|Publisher DOI:||10.1016/j.medengphy.2019.01.003||Title:||Determination of local micromotion at the stem-neck taper junction of a bi-modular total hip prosthesis design||Language:||English||Authors:||Falkenberg, Adrian
|Keywords:||Assembly force;Bi-modular prosthesis;Flexural rigidity;Micromotion;Taper junction||Issue Date:||Mar-2019||Source:||Medical engineering & physics (65): 31-38 (2019-03)||Journal or Series Name:||Medical engineering & physics||Abstract (english):||High rates of clinical complications with bi-modular hip prostheses are attributed to failure of the stem-neck taper junction. Taper wear analyses have shown extensive material loss as a result of corrosion, potentially initiated by micromotion. The purpose of the study was to determine the amount of micromotion at this junction for different loading, assembly and material conditions. Micromotion between the neck adapter (CoCr29Mo6-alloy) and the stem (TiMo12Zr6Fe2-alloy; both Rejuvenate, Stryker) within the taper junction of a bi-modular hip stem were determined by image matching analysis of consecutively recorded images through windows in the stem component. A finite element model was used to determine the micromotion in the taper regions outside the windows and validated with the measured micromotion. With the model, the influence of the load amplitude, assembly force and component materials were then investigated. Determined micromotion (14-79 µm) by far exceeded critical values (5 µm) associated with the onset of fretting corrosion. Increasing assembly forces achieved a significant reduction in micromotion. The numerical model revealed insufficient assembly to cause the neck to perform rocking motions under load, repetitively changing taper contact in combination with gap opening, which facilitates fluid ingress into the junction. Changing the stem material to a stiffer Ti-alloy achieved a reduction of the micromotion of about 30%. This study emphasises the high importance of material selection, assembly force and loading on the susceptibility of bi-modular hip stems to fretting and crevice corrosion. These findings can serve to explain the increased rate of clinically reported problems with this particular prosthesis design.||URI:||http://hdl.handle.net/11420/2268||ISSN:||1350-4533||Institute:||Biomechanik M-3||Type:||(wissenschaftlicher) Artikel|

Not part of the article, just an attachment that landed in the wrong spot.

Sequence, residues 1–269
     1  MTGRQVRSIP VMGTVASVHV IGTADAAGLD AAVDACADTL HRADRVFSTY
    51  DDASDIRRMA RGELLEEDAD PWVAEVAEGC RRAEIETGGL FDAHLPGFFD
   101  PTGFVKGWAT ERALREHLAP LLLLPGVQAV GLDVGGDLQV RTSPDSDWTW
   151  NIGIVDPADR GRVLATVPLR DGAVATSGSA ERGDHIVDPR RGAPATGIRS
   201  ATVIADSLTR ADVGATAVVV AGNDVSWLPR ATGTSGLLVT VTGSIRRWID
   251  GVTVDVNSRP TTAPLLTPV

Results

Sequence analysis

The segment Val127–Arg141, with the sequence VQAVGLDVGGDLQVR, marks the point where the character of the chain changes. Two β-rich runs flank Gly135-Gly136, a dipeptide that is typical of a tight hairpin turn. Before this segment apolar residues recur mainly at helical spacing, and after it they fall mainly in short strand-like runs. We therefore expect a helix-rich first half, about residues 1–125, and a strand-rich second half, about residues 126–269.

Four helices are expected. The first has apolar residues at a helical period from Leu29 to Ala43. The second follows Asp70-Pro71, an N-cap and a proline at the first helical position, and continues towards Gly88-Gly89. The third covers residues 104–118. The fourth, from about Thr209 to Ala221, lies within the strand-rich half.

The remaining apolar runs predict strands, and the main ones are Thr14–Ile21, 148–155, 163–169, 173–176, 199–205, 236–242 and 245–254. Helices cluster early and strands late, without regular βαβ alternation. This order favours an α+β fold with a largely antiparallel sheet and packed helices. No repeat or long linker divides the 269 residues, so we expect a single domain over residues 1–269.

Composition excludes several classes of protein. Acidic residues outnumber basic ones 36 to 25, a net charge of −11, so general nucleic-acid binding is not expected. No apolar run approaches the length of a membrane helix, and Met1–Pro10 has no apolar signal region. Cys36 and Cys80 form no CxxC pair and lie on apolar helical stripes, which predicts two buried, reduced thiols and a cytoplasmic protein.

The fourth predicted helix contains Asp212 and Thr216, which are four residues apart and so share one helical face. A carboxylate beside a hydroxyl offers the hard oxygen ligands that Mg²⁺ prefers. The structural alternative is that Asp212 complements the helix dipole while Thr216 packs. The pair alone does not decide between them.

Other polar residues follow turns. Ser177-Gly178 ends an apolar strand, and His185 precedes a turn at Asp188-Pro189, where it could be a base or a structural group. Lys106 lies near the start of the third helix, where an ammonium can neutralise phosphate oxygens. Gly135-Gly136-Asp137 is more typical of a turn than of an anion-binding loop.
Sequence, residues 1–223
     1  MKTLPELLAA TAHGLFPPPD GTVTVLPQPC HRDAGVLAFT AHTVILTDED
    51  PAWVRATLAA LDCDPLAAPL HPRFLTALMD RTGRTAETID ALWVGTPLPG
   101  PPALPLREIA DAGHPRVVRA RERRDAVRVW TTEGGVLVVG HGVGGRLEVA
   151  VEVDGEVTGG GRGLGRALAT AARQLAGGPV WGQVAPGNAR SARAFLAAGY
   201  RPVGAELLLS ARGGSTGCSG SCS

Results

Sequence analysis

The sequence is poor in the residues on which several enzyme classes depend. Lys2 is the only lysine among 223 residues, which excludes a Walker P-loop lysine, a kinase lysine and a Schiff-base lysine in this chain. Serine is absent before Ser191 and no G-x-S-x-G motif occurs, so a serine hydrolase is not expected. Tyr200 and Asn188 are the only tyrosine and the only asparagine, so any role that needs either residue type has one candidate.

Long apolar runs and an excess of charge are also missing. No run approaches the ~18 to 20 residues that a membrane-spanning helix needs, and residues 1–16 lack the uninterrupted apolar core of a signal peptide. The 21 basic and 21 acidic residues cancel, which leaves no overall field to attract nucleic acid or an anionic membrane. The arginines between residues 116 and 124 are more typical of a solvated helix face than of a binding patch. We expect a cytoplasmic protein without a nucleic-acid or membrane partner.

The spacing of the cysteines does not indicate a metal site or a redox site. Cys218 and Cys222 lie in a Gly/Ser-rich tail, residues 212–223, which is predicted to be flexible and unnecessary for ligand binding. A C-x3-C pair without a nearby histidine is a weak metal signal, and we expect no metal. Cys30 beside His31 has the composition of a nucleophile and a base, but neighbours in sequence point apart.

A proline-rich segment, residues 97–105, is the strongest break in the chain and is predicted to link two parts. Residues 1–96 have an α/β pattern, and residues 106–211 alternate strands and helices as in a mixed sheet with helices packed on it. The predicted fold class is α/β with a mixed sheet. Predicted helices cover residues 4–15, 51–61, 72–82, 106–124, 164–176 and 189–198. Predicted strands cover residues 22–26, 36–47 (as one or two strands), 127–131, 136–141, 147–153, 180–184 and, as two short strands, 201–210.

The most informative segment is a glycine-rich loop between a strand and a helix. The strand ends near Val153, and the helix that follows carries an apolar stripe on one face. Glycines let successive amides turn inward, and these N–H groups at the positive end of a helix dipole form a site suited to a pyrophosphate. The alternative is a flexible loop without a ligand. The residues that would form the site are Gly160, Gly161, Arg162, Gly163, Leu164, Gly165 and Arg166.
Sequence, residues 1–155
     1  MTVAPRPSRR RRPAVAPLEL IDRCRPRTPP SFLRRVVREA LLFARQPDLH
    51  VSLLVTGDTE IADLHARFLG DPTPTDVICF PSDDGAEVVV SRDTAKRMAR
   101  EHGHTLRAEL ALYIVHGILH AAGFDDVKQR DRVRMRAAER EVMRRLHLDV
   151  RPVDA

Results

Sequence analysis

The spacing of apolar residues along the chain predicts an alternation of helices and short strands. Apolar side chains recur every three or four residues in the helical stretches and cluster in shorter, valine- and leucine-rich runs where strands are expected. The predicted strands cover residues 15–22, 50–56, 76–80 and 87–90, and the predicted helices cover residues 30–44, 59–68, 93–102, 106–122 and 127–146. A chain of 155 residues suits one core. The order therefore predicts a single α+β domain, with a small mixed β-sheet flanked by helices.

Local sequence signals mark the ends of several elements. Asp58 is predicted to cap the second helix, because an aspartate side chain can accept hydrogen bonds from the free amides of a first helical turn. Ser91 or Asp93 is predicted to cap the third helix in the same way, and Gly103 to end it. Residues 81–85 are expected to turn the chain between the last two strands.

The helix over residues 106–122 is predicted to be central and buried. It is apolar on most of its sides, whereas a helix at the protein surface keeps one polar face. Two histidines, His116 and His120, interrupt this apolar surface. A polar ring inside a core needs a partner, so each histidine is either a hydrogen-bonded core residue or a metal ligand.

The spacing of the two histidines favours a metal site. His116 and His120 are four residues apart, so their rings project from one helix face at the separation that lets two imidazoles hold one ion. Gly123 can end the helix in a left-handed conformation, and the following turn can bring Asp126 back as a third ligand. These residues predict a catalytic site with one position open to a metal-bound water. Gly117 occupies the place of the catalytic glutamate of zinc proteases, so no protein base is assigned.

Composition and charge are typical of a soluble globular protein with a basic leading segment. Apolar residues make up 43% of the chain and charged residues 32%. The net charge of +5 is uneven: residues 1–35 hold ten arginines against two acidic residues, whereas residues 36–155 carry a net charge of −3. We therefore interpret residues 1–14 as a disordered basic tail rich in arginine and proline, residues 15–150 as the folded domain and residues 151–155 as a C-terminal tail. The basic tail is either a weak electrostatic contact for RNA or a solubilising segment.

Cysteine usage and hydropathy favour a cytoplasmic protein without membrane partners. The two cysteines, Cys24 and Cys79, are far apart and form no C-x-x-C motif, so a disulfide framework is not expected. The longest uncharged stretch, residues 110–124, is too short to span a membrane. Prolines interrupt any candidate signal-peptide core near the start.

|Appears in Collections:||Publications without fulltext|
Show full item record
checked on May 25, 2019
Items in TORE are protected by copyright, with all rights reserved, unless otherwise indicated.